Measuring the value of a click, like or share has become common knowledge, but what if you could measure your customer’s level of daily activity? The constant changing landscape is taking a turn once again with the new trend of “wearable technology” and the line between our personal lives and the technology we use has become blurred.
In May 2006, Nike released Nike+, in collaboration with Apple, a wireless chip which was embeddable in certain Nike shoe models. The chip synced with the users iPod to track fitness activity and sync music to workouts. Six years later, Nike released the FuelBand, morphing from a hidden chip to a bracelet which quickly became a personal fashion statement. From there, many wearable devices have sprung up.
There is great potential for wearable devices to unlock new consumer data, which until now, was unavailable to marketers. Many consumers may be hesitant to share their personal information at first, but with an incentive they may be more than willing. For DRTV, an industry which demands a “call to action” with limited time special offers and deals, is ahead of the game in that regard. This new information could be extremely valuable; by following consumer’s daily activities DR marketers can hyper-target their timing and location of each advertisement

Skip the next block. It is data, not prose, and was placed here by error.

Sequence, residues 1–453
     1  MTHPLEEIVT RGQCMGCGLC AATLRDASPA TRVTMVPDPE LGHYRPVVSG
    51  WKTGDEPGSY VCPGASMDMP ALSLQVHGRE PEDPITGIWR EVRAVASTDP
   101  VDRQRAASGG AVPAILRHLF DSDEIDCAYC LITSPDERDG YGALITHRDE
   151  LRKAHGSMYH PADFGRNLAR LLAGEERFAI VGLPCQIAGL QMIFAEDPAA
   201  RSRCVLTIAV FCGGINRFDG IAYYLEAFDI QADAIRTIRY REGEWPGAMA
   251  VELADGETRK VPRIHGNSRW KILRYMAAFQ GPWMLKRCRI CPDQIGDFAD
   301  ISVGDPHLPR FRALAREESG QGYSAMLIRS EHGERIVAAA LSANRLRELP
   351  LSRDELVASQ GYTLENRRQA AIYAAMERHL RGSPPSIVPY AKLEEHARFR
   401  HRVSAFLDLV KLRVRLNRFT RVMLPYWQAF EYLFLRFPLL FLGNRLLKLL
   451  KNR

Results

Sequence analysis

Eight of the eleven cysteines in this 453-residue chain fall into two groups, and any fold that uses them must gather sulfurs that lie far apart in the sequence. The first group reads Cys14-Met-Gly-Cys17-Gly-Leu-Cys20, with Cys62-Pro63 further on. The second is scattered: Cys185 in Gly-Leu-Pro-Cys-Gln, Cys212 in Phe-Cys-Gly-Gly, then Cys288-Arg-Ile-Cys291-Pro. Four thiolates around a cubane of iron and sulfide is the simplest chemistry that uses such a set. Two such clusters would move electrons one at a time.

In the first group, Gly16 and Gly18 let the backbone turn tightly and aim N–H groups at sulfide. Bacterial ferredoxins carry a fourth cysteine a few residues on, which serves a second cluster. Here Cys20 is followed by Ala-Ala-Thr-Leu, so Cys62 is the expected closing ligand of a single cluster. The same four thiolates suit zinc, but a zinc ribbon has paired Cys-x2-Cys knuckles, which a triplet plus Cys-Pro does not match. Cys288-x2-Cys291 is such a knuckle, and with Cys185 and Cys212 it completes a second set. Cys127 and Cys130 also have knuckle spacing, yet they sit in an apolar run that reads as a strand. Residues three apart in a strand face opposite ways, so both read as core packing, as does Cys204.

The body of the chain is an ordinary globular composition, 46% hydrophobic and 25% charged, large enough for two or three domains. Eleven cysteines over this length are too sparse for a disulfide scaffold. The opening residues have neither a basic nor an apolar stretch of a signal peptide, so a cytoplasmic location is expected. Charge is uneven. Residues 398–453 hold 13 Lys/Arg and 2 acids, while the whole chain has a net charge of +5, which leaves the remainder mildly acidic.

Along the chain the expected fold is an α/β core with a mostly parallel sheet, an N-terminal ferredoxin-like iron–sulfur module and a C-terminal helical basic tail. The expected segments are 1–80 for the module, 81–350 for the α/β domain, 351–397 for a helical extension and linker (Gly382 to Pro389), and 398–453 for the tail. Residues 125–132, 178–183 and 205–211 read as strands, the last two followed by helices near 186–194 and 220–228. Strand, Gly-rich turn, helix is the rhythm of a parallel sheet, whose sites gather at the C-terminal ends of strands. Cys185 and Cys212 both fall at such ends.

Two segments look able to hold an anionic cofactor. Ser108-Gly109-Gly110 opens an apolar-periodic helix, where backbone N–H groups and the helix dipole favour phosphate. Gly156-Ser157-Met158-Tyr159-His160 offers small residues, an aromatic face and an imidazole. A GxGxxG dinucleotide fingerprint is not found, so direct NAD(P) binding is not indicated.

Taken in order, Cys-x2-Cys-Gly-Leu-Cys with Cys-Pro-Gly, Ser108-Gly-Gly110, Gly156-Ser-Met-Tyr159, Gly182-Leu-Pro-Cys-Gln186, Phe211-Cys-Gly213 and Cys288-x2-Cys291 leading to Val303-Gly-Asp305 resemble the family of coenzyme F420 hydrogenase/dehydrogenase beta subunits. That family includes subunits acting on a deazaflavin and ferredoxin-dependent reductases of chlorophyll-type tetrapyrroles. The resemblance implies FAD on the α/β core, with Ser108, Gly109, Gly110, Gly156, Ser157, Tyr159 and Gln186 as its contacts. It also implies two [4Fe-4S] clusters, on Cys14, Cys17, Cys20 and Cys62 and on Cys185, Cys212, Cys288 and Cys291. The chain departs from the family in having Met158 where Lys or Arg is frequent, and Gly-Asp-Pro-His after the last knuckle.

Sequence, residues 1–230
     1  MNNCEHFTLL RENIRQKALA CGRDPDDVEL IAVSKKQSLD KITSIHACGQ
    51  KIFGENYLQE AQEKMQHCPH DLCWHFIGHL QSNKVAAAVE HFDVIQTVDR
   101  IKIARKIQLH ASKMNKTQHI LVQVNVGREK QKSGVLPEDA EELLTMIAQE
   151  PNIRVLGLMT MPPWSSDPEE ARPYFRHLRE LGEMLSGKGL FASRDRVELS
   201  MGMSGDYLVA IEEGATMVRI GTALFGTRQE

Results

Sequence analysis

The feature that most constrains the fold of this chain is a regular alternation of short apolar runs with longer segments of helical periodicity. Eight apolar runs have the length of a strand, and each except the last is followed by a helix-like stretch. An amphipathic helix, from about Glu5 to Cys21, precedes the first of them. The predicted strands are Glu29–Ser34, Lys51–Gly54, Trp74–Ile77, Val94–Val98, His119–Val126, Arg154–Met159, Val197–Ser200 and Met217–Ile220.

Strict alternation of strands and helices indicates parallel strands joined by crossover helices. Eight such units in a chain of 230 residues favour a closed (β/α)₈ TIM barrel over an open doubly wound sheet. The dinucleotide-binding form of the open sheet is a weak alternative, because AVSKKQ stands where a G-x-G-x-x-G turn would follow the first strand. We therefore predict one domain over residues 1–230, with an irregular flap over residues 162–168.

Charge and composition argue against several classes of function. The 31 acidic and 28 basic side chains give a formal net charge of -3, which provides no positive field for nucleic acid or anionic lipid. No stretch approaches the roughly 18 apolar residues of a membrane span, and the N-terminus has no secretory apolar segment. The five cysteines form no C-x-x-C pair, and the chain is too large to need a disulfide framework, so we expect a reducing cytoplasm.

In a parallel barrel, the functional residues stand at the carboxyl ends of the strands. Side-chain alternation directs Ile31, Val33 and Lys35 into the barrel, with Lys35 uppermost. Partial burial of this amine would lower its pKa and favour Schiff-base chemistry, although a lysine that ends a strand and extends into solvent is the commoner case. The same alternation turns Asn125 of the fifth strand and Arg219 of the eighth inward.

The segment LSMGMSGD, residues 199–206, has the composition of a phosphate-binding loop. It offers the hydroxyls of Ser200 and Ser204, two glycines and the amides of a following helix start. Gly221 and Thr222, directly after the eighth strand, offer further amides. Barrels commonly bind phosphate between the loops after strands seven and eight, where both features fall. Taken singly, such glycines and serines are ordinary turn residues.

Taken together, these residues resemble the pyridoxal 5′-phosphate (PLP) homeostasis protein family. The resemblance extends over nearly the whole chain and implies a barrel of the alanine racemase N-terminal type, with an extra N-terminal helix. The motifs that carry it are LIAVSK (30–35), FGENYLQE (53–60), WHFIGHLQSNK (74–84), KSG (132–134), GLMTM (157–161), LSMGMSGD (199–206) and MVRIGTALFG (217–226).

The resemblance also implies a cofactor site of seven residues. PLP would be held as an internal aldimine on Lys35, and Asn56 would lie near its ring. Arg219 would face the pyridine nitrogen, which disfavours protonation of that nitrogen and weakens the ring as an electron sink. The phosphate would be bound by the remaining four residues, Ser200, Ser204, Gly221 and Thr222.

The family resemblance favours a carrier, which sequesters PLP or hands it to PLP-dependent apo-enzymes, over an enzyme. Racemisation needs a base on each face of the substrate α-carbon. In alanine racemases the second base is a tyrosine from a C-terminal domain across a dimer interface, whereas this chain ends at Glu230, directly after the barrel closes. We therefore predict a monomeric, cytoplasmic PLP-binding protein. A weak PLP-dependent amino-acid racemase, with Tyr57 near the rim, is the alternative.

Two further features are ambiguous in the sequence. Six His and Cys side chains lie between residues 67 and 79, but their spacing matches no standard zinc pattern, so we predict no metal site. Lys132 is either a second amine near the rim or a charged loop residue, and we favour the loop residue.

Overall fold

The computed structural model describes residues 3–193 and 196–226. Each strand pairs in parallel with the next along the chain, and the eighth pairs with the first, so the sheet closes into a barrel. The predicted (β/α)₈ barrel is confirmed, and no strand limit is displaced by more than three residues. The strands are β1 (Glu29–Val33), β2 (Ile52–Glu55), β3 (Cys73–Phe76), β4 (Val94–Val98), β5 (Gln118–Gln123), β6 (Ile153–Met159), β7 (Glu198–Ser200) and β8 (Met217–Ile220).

Wearable technology may be “the next great thing,” but before jumping into it – marketers need to carefully evaluate the offerings. How far is too far when it comes to tapping into consumer data? There is a real potential when it comes to “wearables,” but people are still wary of Big Brother.